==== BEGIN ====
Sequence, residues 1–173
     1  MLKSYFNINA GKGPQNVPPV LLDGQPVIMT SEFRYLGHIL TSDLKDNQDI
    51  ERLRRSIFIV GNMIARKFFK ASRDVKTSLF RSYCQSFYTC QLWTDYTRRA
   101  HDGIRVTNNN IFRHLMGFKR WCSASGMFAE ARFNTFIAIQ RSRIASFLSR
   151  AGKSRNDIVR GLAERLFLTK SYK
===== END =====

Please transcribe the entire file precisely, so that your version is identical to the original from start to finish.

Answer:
Sequence, residues 1–173
     1  MLKSYFNINA GKGPQNVPPV LLDGQPVIMT SEFRYLGHIL TSDLKDNQDI
    51  ERLRRSIFIV GNMIARKFFK ASRDVKTSLF RSYCQSFYTC QLWTDYTRRA
   101  HDGIRVTNNN IFRHLMGFKR WCSASGMFAE ARFNTFIAIQ RSRIASFLSR
   151  AGKSRNDIVR GLAERLFLTK SYK